The Dean’s List: Cholla’s 11-year coach closing in on 200 career wins

Masai Dean Sr. has not aged much by appearance since his playing days at Tucson High School in the early 1990s, and his head coaching career spans only 11 seasons.

His coaching record, however, is one that is approaching legendary status.

Dean is 186-80 in his 11 seasons as the Chargers’ head coach after Cholla’s 63-58 win over Tanque Verde at Pima College’s West Campus Gym on Tuesday. The win puts the Chargers (7-5) in the Aztec Classic Silver Division championship against Mica Mountain (5-4) at 1:30 p.m. Wednesday.

Dean, who played at Pima after his career with the Badgers, is only 45 which means he could reach 500 career wins if he coaches another couple of decades.

“It’s been a good ride,” said Dean, who is in his second year as the school’s athletic director. “I really enjoy working with the admin, the kids and the different staff members. It’s been great.”

The ride now includes coaching his youngest son, junior guard Masai Dean Jr., after coaching two other sons — Marcel and Dyre.

Marcel became one of the Chargers’ top players historically during his career from 2014-18. Now playing at Kansas Wesleyan, he finished his career with 1,314 points and enjoyed a record of 81-24 with his dad at Cholla.

The elder Dean experienced success at the outset of his career at Cholla after the Chargers did not have a winning season in the seven years prior to his arrival.

His first team in 2011-12 was 17-11.

Cholla won 87 games in his first four seasons, including a 25-2 record in 2014-15 when the Chargers reached the state quarterfinals with high-scoring playmaking guard Jorge Carrasco as the leader.

Masai Dean Sr.’s Coaching Career at Cholla

2011-12 — 17-11
2012-13 — 22-9
2013-14 — 23-8
2014-15 — 25-2
2015-16 — 15-10
2016-17 — 19-5
2017-18 — 22-7
2018-19 — 18-5
2019-20 —13-9
2020-21 — 5-9
2021-22 — 7-5
Total — 186-80 (.699)

He has only one losing season in his tenure and that was last season when COVID-19 protocols impacted the Chargers. They finished 5-9 in the shortened season.

“Last year was a tough year COVID-wise but this year has been fun,” the elder Dean said. “These guys are pretty good group.”

Masai Dean Jr. scored 25 points in the win over Tanque Verde. His playmaking ability fearlessly handling the ball and driving to the basket helped ignite Cholla in the second half after the Hawks took a 10-point lead.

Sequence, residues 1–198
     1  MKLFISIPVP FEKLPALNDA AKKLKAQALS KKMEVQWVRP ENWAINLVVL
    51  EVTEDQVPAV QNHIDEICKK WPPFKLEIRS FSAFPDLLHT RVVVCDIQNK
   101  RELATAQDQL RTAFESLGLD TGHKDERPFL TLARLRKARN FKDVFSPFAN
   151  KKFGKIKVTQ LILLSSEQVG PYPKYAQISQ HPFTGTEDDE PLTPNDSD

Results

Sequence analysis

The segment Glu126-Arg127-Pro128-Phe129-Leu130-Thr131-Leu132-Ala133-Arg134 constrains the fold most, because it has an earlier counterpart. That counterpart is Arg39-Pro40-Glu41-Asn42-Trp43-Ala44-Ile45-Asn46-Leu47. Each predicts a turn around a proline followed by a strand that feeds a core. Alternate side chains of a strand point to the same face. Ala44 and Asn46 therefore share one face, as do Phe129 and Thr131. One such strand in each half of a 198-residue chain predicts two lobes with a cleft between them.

He was at the forefront of Cholla’s full-court pressure defense that led to turnovers and easy layups.

“I feel like I’ve developed a lot the last three years on varsity,” the younger Dean said. “I came from being a sharpshooter as a freshman to having to handle the ball as a sophomore and having a big role as a junior. I had no choice but to develop the right way.”

That development is impacted by the intensity of the elder Dean, who coaches the same way he wants his son and the Chargers to play — with constant energy.

Standing next to his dad during an interview, the younger Dean was asked about what it was like playing for his dad.

“It has its ups and downs but a lot of ups,” he said. “He’s definitely extra harder on me but it makes me better at the end of the day.”

“You probably have to ask him that when I’m not standing here,” the elder Dean said with a laugh.

Masai Dean Sr. is in his 11th year as Cholla’s head coach and 14th year at the school overall (Javier Morales/AllSportsTucson.com)

Masai Dean Jr.’s playing style is obviously impacted in a positive way from his dad’s coaching. The younger Dean has a noticeably high basketball IQ with how he handles pressure and finds open teammates following his penetration.

“I grew up around different teams and what it was like to be good and what it was like to be bad,” he said about his basketball upbringing with his dad and brothers. “I tried to pick up everything that I could growing up and put it into my game now that I’m grown up.”

The pride the elder Dean has coaching at Cholla brings more purpose to their relationship on the court. He mentioned that although he graduated from Tucson High, he considers Cholla “home.”

Sean Elliott was an idol of his growing up in Tucson and he now coaches in Sean Elliott Gym. After graduating from Cholla in 1985, Elliott starred at Arizona from 1985-89 when the elder Dean was in middle school.

Masai Dean Sr. was an English teacher at the school before becoming the athletic director last school year. His coaching career started in 2008-09 when he coached Cholla’s freshman team.

“All my sons have graduated from (Cholla) and I’ve had a bunch of kids go through our basketball program,” he said. “It’s home. It’s nice to have it come full circle with (the younger Dean) coming around his last couple of years and be able to share that with him. It’s a good deal.”


ALLSPORTSTUCSON.com publisher, writer and editor Javier Morales is a former Arizona Press Club award winner. He is a former Arizona Daily Star beat reporter for the Arizona basketball team, including when the Wildcats won the 1996-97 NCAA title. He has also written articles for CollegeAD.com, Bleacher Report, Lindy’s Sports, TucsonCitizen.com, The Arizona Republic, Sporting News and Baseball America, among many other publications. He has also authored the book “The Highest Form of Living”, which is available at Amazon. He became an educator five years ago and is presently a special education teacher at Gallego Fine Arts Intermediate in the Sunnyside Unified School District

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